Performance Management and Evaluation

⤓ Download the Performance Evaluation Form and Guidelines docx

Performance management is a partnership between an employee and their supervisor to optimize performance, build effective feedback and communication, enhance employee growth and development, and develop goals that are consistent with department/college strategic plans.

A performance evaluation is a part of performance management. The distinctions between the two are highlighted below.

Performance Evaluation
  • Focus is on evaluation
  • Seen as a once-a-year event
  • Discussions happen when salary increases are awarded or performance problems emerge
  • Forms are designed to evaluate performance and rank employees
  • Feedback occurs primarily in the appraisal/review discussion

Performance Management
  • Focus is on employee development
  • Seen as an ongoing, daily process
  • Discussions happen frequently; formally at least twice a year
  • Forms are designed to evaluate performance and plan for employee development
  • Both positive and negative feedback occurs frequently

Supervisors are encouraged to evaluate performance within the context of performance management.

Reasons for Conducting a Performance Evaluation
  • Communicate organizational goals and objectives
  • Motivate employees to improve performance
  • Heighten productivity
  • Employee growth and development (see Professional Development Planning)
  • Distribute organizational rewards equitably
  • Assess match between knowledge, skill and ability with performance and job requirement
When to Conduct a Performance Evaluation

Written performance evaluations shall be completed on all regular employees. (See the Performance Evaluations policy.) Evaluations occur at the following times:

  • Recommended at the end of the original six-month probationary period.
  • Required annually, either on the anniversary of the employee’s hire date or at another time designated by the department.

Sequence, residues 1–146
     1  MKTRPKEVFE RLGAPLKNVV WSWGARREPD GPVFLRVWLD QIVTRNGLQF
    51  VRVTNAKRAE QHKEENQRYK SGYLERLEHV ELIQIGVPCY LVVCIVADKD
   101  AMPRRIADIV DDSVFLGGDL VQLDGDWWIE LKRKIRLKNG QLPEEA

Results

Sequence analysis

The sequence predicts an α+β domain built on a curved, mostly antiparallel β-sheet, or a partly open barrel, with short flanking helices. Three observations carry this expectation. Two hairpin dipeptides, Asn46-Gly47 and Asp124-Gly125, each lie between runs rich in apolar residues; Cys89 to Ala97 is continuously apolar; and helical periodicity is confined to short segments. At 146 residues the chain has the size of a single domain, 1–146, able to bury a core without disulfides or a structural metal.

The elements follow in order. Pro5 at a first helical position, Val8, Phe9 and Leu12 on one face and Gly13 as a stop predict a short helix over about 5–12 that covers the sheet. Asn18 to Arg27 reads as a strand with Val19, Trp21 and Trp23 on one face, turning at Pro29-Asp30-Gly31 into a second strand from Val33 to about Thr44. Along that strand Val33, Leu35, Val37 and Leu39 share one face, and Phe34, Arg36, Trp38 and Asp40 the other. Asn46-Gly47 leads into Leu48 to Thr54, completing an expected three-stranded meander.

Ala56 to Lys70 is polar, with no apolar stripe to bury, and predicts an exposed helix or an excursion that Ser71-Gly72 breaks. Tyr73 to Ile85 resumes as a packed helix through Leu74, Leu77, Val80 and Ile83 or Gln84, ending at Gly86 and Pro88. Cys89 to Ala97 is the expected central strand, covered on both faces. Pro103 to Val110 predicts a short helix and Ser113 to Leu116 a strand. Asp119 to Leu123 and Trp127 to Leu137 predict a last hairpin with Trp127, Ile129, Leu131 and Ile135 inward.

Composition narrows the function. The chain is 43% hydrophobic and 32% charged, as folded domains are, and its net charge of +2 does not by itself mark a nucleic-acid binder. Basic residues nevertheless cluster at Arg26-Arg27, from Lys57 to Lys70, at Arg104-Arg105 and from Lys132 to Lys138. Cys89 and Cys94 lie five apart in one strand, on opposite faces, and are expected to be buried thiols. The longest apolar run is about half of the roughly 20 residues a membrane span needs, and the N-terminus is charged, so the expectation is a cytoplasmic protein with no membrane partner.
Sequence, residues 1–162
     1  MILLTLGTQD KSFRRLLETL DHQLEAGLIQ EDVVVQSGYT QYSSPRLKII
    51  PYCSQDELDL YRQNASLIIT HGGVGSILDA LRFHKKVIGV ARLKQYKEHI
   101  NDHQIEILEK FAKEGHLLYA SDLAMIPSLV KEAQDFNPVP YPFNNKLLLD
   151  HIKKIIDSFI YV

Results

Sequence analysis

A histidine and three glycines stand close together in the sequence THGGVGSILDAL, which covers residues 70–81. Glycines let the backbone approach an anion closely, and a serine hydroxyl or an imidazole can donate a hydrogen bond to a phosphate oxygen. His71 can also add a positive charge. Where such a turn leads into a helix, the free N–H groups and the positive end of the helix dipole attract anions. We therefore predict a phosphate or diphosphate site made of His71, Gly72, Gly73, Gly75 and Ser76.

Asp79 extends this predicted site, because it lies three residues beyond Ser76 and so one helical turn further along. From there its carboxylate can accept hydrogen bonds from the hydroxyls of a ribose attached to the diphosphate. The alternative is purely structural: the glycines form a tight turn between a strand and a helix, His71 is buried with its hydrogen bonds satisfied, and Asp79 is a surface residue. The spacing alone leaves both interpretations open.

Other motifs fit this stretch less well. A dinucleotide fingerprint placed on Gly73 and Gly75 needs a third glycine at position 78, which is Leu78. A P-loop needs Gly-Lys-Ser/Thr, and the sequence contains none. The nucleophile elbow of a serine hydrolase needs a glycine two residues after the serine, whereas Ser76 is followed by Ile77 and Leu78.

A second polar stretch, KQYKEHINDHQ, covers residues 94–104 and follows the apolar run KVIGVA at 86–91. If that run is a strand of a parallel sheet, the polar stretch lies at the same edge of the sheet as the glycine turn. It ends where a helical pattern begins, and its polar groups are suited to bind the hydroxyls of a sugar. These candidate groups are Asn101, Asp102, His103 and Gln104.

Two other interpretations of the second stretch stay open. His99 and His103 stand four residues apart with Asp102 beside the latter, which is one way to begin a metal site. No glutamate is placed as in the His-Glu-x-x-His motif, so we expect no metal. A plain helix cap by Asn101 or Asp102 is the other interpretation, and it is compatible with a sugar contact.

• Recommended at the end of six months after transfer or promotion to a new position.
  • At any time the supervisor wishes to record noteworthy performance, either favorable or unfavorable.
Challenges in Conducting Performance Evaluations
  • Changing nature of work, i.e., technological changes, job duties, or change in scope of work.
  • Rating performance objectively.
  • Shift to emphasis on team orientation (necessitate multi-rater evaluations).
  • Limited organizational rewards and consequences.
  • Scarce resources.
  • Reducing employee defensiveness or anxiety and increasing dialogue and recognition.
Approaches to Conducting Performance Evaluations
  • Develop a system that encourages employee participation in establishing performance standards.
  • Develop standards based on critical job elements.
  • Assess employee against performance standards rather than each other or some statistical guide.
  • Clarify performance expectations.
  • Utilize ongoing coaching, communication and feedback.
  • Provide timely and accurate documentation.
  • Base evaluation on actual performance, not subjective feedback.
  • Consider including self evaluation, peer, customer input (360○ feedback) where applicable.
  • Promote consistency within the department.
  • Establish SMARTER Goals (Specific, Measurable, Agreed upon, Realistic, Timed, Evaluation, and Recognition).
Steps in Conducting an Annual Review
  1. Review job description, work goals, and professional development goals established for the year.
  2. Review last year’s performance evaluation.
  3. Review documentation in management file.
  4. Review peer and customer input.
  5. Review employee’s self evaluation.
  6. Take into account environmental factors (e.g. organizational changes, FML protected absences, etc.).